Corporate Finance

A buyer has approached me to buy my company, now what?

There you are minding your own business, when out of the blue, a larger acquirer comes knocking on your door and makes you the sort of offer that it would be hard to turn down. You hadn’t even thought about putting the company up for sale yet, so this has all come as a bit of a surprise.  It’s flattering of course, but you don’t need to sell.  Although they are talking about quite a lot of money… 

23rd June 2021

This is the situation faced by Richard Liddle and Chris Waelchli, the founders of CRS Building Supplies.   

‘We had built the business up over 15 years and it was going well. We had got to twelve branches and had plans for more. Of course, we always knew we would sell up at some point but hadn’t got any firm idea of when that might be’.  

In autumn 2020, an unexpected approach from acquisitive group Grant & Stone brought their thoughts of future sale into sudden focus.   

‘There was no intention to sell, but suddenly we were faced with a very tempting offer, not just the money, but they wanted us to work with them for a time and open more branches.  So, we accepted in principle, but weren’t prepared for all of the work that would come next’. 

The staging posts of a deal

Agreeing the terms of a deal is just the start of a process. This is where Old Mill’s specialist Corporate Finance team stepped in, to help manage the different phases. Director of Corporate Finance Mark Neath explains: We call this service Transaction Support, because our role is to support and guide the client through every stage of the transaction process. Most business owners are wholly unprepared for the sheer volume of extra work that the due diligence process will require, or the disruption that can cause. It’s commonly the case in this sort of situation that the directors wish to maintain confidentiality and not inform the staff until a deal is close to completing, but that means that all of the information gathering and response to due diligence enquiries falls upon a handful of people who are in the know. These are usually also the same people who are already very busy with the day job of running the company. Since Old Mill were already the auditors and tax agent, we already had good knowledge of the business and were able to provide information from our files. Nevertheless, a lot of work still falls on the team.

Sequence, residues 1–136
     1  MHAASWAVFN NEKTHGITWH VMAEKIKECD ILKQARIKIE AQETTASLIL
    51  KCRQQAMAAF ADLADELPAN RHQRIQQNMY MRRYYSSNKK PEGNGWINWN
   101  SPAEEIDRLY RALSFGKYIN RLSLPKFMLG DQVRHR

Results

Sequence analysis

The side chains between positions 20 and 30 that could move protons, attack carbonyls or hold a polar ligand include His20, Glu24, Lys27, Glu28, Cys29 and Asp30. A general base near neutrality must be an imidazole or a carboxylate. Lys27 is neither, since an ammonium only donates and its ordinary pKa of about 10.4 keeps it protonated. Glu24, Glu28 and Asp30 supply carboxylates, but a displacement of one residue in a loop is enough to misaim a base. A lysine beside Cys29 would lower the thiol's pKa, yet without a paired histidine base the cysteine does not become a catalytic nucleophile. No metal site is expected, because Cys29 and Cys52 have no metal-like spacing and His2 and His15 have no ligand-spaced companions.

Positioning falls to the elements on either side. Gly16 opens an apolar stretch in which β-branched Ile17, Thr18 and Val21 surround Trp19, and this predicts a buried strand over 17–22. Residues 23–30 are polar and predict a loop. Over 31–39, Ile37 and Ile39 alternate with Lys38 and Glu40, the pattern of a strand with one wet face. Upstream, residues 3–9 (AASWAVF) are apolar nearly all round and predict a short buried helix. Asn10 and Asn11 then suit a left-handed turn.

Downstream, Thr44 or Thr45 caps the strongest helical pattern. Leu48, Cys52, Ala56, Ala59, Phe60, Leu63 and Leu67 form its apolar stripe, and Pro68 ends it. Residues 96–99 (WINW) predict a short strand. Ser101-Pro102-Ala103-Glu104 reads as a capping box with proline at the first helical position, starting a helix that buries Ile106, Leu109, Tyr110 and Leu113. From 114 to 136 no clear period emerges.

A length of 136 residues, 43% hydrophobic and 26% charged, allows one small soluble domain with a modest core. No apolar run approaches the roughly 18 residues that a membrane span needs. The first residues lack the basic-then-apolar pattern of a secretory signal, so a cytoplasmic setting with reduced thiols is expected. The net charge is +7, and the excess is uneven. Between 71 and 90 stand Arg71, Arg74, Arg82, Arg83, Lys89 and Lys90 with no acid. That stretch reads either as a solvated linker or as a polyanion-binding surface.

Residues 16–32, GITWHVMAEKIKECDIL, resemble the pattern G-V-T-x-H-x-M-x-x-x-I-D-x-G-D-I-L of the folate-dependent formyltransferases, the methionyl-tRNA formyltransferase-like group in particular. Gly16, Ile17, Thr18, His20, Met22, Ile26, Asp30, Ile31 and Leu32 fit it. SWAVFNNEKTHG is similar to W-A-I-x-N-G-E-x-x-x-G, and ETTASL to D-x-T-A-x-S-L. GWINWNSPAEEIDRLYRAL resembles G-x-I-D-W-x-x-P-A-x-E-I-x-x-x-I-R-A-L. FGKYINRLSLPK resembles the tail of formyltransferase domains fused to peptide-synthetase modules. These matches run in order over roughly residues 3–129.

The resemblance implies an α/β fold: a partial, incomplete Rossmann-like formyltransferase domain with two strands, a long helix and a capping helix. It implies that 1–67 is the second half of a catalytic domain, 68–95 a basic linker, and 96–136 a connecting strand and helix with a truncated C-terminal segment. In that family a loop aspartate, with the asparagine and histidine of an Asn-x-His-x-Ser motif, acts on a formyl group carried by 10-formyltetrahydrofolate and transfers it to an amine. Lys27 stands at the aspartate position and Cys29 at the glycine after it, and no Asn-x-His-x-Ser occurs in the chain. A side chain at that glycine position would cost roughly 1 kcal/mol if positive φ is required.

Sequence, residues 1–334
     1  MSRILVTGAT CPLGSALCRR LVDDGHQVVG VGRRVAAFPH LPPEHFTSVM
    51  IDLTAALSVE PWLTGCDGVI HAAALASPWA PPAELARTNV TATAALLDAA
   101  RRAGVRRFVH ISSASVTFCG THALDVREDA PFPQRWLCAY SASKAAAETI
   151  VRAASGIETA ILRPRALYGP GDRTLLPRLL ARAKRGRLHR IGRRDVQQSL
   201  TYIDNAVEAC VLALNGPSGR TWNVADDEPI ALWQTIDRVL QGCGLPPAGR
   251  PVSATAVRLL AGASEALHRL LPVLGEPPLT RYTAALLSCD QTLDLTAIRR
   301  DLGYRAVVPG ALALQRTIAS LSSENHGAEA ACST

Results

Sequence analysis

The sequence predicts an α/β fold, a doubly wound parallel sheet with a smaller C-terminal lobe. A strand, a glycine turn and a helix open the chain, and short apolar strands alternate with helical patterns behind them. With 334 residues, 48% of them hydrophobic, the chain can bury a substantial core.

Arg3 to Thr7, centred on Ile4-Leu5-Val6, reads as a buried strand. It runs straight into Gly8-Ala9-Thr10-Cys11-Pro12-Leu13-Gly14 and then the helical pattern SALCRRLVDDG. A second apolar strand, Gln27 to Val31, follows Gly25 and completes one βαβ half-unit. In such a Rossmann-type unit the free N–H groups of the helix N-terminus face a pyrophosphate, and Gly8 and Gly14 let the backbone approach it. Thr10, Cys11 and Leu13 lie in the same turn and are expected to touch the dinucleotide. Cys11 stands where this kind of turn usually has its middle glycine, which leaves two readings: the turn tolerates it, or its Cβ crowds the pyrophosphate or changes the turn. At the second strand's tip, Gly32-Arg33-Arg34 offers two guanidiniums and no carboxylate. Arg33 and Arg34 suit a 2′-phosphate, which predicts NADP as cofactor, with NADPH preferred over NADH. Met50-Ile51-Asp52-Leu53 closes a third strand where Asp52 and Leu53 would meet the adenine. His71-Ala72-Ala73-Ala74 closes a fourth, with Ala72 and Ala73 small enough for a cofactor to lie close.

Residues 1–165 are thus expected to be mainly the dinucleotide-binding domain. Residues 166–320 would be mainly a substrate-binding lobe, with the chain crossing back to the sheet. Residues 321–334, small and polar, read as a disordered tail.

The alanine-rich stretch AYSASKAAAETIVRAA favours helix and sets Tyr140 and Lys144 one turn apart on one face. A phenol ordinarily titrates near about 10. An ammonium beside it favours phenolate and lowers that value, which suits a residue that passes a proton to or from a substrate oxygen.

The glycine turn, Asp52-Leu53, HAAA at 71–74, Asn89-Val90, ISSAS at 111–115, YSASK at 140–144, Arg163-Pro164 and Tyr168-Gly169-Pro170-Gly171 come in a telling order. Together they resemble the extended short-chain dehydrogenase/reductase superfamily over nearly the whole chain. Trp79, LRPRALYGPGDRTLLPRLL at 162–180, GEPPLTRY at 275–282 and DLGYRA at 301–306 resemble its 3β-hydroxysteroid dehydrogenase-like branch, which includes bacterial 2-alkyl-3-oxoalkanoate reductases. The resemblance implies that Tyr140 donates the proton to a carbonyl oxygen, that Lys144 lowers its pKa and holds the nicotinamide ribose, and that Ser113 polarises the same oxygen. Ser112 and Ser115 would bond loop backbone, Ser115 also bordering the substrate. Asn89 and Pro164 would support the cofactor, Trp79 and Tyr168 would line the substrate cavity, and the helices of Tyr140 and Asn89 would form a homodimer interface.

Cath Liddle, who runs CRS Building Supplies’ finances comments: ‘As well as all of the day-to-day financial management and processing, I suddenly found myself with another full-time job dealing with the due diligence requests. It was great to have Kathryn Mansell and Mark from Old Mill on my side, dealing with the online ‘data-room’ and so on, but also to give me reassurance that all of this was ‘normal’ for a deal’.

Overcoming hurdles

When a buyer makes an unsolicited approach, they do so based upon certain assumptions about the business and sometimes in due diligence it emerges that the detailed facts don’t quite match those assumptions. A buyer may then come to you with their due diligence findings and want to amend the terms of the deal.   

Deal terms and negotiations are confidential, so we can’t disclose the detail of the CRS transaction, other than to say there was a renegotiation. We can however talk about our approach to overcoming these hurdles. Richard and Chris had negotiated the original deal, but for these secondary discussions, Mark Neath from Old Mill led the negotiation.   

This is a tricky time in the process. Everyone has invested a lot of time and professional fees already, and both sides have a psychological commitment to finding a way to complete the deal. Our approach is collaborative not adversarial, and all about understanding what both sides of a deal need to achieve. We talked to our clients and understood what factors really matter to them, what is ‘nice to have’ but not essential, and what their ‘walk away’ position is. We then sought to understand the same things from the buyer’s point of view. They also had ‘hard’ issues that they needed to happen, but also ‘softer’ areas where they had scope to move, and minor points they were willing to give in exchange for the sellers’ movement. It’s an iterative process, but by positioning ourselves as on the side of the deal, we were able to narrow the points of difference, agree movements on both sides and settle on terms both sides were ultimately happy with.   

Richard: ‘I’m not sure how he did it, but Mark did a brilliant job on the negotiation. I think at one point I said something like ‘you must be the best negotiator ever’. Heat of the moment obviously, I was just delighted that we had cleared the hurdle and could move forward to completion’. 

The buyer was happy too and thanked us for our collaborative approach on the transaction.   

Which neatly sums up what our Transaction Support service is all about. We’re on our client’s side naturally, but we don’t approach a deal as a conflict. By working collaboratively with all parties, we can help everyone to get a deal that works for them and, hopefully, take some of the stress out of the process of getting there.   

For further information in the first instance please contact your usual Old Mill adviser, or alternatively click here…

‘I’m not sure how he did it, but Mark did a brilliant job on the negotiation. I think at one point I said something like ‘you must be the best negotiator ever’. Heat of the moment obviously, I was just delighted that we had cleared the hurdle and could move forward to completion’. 

Richard Liddle, CRS Building Supplies